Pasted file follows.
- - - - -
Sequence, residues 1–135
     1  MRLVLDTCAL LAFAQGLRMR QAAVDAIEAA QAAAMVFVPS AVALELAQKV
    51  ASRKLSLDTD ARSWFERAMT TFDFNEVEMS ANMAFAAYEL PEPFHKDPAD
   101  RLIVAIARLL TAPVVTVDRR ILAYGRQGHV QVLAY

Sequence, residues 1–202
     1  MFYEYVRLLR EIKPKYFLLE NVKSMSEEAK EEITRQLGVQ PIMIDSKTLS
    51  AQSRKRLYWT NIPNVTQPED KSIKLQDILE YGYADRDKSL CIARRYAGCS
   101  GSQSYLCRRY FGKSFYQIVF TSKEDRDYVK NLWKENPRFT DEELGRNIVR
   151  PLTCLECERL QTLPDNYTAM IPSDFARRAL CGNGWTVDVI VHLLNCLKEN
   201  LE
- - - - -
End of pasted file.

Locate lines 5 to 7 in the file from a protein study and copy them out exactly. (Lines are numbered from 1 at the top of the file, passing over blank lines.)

Sequence, residues 1–202
     1  MFYEYVRLLR EIKPKYFLLE NVKSMSEEAK EEITRQLGVQ PIMIDSKTLS
    51  AQSRKRLYWT NIPNVTQPED KSIKLQDILE YGYADRDKSL CIARRYAGCS